Another major driver of the company’s ecosystem success, noted Mikitani, is Rakuten’s fast-growing mobile business. “Rakuten Mobile is in a different league than other mobile operators… We’re much more than just a telecom business.”
Continued Mikitani, “Traditionally, mobile carriers have gone in the opposite direction: They started with a mobile network, and swam upstream to start providing services like online shopping, loyalty programs and financial services. But we started with those higher-level services.”
Mikitani pointed to Rakuten’s strong membership base as a key to driving forward the mobile service.
“One argument I often hear is that the fourth major mobile carrier in any given country rarely succeeds. But we have the strength of over 100 million memberships behind us here in Japan. Acquiring new customers isn’t as much of an issue for us.”
Going global with cutting-edge telco tech
Mikitani is also optimistic about Rakuten Mobile’s revolutionary fully virtualized cloud-native network. “Rakuten Mobile runs almost completely on software. There is practically no proprietary hardware.”
The system offers a high level of flexibility and security while also driving down costs for operators, achieving a network quality that has earned Rakuten Mobile numerous awards from industry organizations and media outlets.
“This is a huge market..It’s expected to be worth 15 trillion yen (approximately 131 billion USD) by 2025. And Rakuten Symphony is the only company that’s able to offer all of these cutting-edge services.”
The entire suite of technologies is being made available to global operators through the newly formed Rakuten Symphony, and interest is already strong: German operator 1&1, who also spoke at the conference, will be taking on Rakuten’s entire stack.
“This is a huge market,” Mikitani revealed. “It’s expected to be worth 15 trillion yen (approximately 131 billion USD) by 2025. And Rakuten Symphony is the only company that’s able to offer all of these cutting-edge services.”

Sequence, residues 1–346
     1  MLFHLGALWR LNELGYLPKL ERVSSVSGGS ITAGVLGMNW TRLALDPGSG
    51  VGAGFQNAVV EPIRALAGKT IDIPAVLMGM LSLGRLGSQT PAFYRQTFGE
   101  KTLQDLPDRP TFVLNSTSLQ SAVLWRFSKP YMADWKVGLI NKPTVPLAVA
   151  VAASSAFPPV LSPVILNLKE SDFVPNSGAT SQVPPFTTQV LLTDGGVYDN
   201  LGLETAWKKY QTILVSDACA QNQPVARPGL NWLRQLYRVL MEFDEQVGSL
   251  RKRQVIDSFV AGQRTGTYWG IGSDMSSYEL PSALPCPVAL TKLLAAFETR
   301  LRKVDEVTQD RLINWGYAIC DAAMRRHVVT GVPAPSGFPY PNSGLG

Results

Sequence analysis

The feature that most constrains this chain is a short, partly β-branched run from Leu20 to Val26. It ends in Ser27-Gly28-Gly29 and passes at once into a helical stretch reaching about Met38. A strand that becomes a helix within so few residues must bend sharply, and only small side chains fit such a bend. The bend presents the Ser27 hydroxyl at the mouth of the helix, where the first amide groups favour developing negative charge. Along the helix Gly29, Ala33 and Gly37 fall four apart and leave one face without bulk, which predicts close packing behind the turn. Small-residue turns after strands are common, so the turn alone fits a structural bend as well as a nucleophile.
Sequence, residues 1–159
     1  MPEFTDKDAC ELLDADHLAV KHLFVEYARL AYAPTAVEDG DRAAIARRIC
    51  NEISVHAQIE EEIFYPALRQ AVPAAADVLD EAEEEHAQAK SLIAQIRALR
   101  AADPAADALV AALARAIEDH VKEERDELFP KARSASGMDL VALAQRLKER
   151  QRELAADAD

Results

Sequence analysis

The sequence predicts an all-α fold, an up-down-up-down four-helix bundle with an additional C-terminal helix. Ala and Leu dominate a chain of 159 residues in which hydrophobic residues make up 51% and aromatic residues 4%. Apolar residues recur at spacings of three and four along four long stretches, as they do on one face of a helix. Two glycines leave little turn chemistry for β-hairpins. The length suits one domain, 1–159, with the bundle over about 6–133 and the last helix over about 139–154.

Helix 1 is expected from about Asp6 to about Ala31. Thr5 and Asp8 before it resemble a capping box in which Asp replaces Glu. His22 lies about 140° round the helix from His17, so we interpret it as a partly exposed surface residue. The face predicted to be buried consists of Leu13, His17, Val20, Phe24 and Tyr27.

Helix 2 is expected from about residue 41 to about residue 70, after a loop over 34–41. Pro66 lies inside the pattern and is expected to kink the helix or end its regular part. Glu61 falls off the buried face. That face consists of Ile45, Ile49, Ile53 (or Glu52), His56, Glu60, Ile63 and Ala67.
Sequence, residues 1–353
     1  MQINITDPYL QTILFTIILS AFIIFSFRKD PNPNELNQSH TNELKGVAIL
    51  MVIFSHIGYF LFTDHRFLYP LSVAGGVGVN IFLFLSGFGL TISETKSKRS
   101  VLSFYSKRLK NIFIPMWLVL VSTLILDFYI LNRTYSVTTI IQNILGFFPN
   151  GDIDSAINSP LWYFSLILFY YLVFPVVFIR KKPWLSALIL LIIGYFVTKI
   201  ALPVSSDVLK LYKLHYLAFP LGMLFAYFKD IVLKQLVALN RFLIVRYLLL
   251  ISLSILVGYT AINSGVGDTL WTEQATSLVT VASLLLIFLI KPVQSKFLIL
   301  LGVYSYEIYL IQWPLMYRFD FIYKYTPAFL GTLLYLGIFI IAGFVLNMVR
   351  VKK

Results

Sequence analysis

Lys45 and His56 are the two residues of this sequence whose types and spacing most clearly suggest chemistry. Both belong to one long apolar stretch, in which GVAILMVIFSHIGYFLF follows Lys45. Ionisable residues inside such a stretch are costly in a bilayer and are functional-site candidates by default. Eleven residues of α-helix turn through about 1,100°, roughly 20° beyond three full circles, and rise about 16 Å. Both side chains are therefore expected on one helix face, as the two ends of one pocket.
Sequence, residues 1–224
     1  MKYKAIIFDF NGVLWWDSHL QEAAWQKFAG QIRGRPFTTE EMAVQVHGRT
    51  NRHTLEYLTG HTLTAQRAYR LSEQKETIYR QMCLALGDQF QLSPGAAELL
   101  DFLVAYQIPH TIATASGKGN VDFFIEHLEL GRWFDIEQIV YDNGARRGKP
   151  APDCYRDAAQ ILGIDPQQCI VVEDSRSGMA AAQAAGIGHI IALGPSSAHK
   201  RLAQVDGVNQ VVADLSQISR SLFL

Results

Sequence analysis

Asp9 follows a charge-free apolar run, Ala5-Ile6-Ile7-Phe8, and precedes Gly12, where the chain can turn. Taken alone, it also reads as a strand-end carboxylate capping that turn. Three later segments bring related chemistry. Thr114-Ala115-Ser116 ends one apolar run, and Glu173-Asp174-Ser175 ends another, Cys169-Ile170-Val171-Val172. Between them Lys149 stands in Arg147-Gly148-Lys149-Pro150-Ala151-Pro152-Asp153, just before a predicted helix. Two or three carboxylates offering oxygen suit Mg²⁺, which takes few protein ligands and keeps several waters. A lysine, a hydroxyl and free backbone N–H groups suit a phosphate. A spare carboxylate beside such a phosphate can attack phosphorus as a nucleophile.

Embracing a post-pandemic digital future
“The pandemic has shown us that it’s not only possible to do things digitally — it’s often much more convenient, efficient and fun.”
COVID-19 transformed lifestyles around the world, but Mikitani remains optimistic that some of those changes were positive ones. “The pandemic has shown us that it’s not only possible to do things digitally — it’s often much more convenient, efficient and fun.”
Many eyes were opened to new perspectives on the benefits of digital technology, and not everything needs to go back to the way it was: “It’s no longer absolutely necessary to meet face-to-face,” he commented. “70,000 people from around the world registered in advance for this conference. If we had only been able to hold this conference as a physical event, I’d be speaking to 5,000 of you at most.”
“Whether we like it or not, the zero cash economy is coming.”
The pandemic has also given significant momentum to Japan’s cashless movement, and Mikitani stressed the importance of embracing new technologies such as blockchain to propel the country forward.
“You can calculate the cost of handling physical cash to be about five percent,” he declared. “A lot of businesses insist on only handling cash because they don’t want to pay the credit card fees. But between ATMs and all the extra accounting work that cash requires, using cash can actually be considerably more expensive.”
This reluctance to make use of new technologies can also be costly for the economy at large, Mikitani argued. “Five percent is an incredible figure. The Japanese economy often sees growth rates of under one percent. Imagine if it suddenly became five percent more efficient,” he posed. “Whether we like it or not, the zero cash economy is coming.”
5G, AI, blockchain and IoT all have the potential to bring about massive changes to society, but Mikitani emphasized that it’s up to the government to stay with the times and take full advantage of what these technologies can offer.
“All of the systems, regulations and laws from the old world need to be updated for the new one,” Mikitani declared. “Systems for these new frameworks need to be created at the national level. Any country that can’t do that will fall behind.”